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Plasmacytoma Diagnosis

August 15th, 2005, 11:34 AM
An English Cocker (10) diagnosed by the Vet College in Saskatoon with plasmacytoma in the inner ear. Catscan was inconclusive. Surgery will be invasive requiring total removal of ear canal. Chemo and radiation have been discussed. :ca: Bills are mounting and we're desperate for advice on homeopathic or natural remedies to avoid putting him through any more. Initial surgery and biopsy was weeks in recovering. Murphy has been home fed all his life and takes nutritional supplements on a regular basis. He is very healthy otherwise. Any advice? Karen and George Green

Lucky Rescue
August 15th, 2005, 02:25 PM
HI and welcome to the board. Sorry your first post had to be something like this.:(

Unfortuately, no natural remedies can cure cancer.

I know nothing about this condition, but according to info at a vet site, it seems the chance of recovery is excellent when the tumour is completely excised with clean margins. Here is an excerpt:

"Plasmacytomas usually occur as a single tumor, that rises from the skin
surface for a few millimeters and is about 1 to 2cm in diameter. They can
get larger than this in some instances, though. They are considered to be
nearly totally benign (unlikely to metastasize to other spots) but there
have been a small number of reports of tumor spread or an association with
multiple myeloma. Surgery is curative as long as there is a tumor free
margin of tissue around the entire surgical site. These tumors are more
common in German shepherd dogs than in other breeds. They usually occur on
the skin or in the oral tissues. The head, neck, ears (pinnae), body and
legs are also possible sites. If for some reason surgery is not possible
these tumors are also reported to respond to radiation therapy well and to
respond reasonably well to chemotherapy.

Plasma cells are a white blood cell, which is probably why there is a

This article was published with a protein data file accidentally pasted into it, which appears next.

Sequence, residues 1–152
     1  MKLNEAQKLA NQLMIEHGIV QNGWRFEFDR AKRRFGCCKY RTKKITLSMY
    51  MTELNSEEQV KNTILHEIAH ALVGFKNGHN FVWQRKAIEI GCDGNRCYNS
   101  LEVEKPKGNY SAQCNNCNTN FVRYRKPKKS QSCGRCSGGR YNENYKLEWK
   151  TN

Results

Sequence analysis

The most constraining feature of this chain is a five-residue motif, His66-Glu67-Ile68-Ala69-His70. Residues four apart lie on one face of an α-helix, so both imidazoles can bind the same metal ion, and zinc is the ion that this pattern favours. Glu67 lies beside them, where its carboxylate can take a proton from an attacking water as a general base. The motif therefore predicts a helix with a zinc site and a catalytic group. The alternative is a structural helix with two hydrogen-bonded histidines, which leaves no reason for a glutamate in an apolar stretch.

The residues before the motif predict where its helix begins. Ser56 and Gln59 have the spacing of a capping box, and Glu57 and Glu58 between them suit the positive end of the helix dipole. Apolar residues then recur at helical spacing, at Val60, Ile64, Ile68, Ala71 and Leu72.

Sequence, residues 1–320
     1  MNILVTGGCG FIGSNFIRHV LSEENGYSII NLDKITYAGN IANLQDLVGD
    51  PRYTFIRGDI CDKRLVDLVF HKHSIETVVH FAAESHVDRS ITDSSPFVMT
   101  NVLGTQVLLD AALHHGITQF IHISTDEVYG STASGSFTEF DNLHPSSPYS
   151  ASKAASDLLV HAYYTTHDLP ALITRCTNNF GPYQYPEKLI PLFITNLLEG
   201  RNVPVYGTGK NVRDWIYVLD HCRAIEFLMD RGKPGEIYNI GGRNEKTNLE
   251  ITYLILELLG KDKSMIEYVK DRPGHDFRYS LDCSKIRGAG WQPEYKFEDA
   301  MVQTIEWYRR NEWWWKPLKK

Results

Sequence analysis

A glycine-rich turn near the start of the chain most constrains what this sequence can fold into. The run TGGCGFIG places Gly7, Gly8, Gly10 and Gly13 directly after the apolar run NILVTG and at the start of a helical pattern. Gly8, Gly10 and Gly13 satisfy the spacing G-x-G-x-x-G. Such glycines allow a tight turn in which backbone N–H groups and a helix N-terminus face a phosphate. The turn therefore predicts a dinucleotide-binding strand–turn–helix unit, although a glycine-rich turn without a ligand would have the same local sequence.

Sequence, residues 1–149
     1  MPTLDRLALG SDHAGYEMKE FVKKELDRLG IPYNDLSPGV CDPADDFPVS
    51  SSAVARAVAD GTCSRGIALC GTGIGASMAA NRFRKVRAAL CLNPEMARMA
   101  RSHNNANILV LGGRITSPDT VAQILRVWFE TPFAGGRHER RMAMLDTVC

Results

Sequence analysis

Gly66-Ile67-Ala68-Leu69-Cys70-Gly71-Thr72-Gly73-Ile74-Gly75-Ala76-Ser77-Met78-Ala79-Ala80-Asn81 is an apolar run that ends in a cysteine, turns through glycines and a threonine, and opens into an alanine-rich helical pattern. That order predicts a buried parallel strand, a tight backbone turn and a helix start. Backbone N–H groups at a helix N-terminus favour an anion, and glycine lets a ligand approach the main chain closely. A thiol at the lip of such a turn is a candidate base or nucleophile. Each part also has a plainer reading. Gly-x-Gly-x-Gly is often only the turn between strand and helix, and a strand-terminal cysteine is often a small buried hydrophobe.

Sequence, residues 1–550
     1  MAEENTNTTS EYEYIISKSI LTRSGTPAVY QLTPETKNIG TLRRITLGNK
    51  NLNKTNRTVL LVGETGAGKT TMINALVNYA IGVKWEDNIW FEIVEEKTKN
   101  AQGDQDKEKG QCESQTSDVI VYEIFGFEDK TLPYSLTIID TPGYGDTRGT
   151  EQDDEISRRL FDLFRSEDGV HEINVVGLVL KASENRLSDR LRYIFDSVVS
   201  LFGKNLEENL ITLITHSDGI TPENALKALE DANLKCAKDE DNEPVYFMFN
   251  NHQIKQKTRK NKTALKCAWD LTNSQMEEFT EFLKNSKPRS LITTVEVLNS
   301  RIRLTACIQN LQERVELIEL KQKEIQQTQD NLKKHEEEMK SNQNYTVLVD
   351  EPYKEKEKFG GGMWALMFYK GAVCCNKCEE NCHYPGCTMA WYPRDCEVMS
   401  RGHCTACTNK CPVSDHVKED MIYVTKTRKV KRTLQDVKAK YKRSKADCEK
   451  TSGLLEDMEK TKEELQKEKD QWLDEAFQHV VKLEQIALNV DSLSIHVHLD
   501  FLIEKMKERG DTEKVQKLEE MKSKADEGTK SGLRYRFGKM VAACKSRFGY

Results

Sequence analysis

slight link with multiple myelomas, another cancer of the white blood cell
system. There are malignant forms of plasma cell tumors. The difference
between these and the benign plasmacytomas seems to be the place they
originate more than anything else. Plasma cell tumors that occur in the
skin and oral tissues (extramedullary tissues) are usually benign and
plasma cell tumors that arise in bone (osseous plasmacytoma) tend to be
malignant. Fortunately, your dog had this tumor in the skin.

I hope that this helps. The odds are very good that there will be no future
problems from this tumor but it is possible that a new one would form
somewhere else as well as a small chance of recurrence at or near the same
spot. Just watching for signs of recurrence should be sufficient for most
dogs since the cure rate is so high with surgery alone.

Mike Richards, DVM

August 28th, 2005, 04:20 PM
Thanks for answering. I have read the excerpt you posted. Since my last note, we are working with a homeopathic vet in Regina who is going to try her best to help. At best we could stop the tumour's progression, at worst, his quality of life will be better for the time left. Surgry to remove the ear canal and drilling up through his jaw plus all the other suggestions are just not an option for us - we can't put him through any more. We are boosting his immune system with natural diet and supplements and the vet will be adding homeopathic remedies after her analysis of Murphy. Our fingers are crossed!!!! Karen

August 28th, 2005, 07:44 PM
Welcome to the board. I hope Murphy gets well. I have a 6 year old english cocker as well that we just adopted from Alaska. They are great dogs arent they! My prayers are with you to stop the cancer in his ears. :)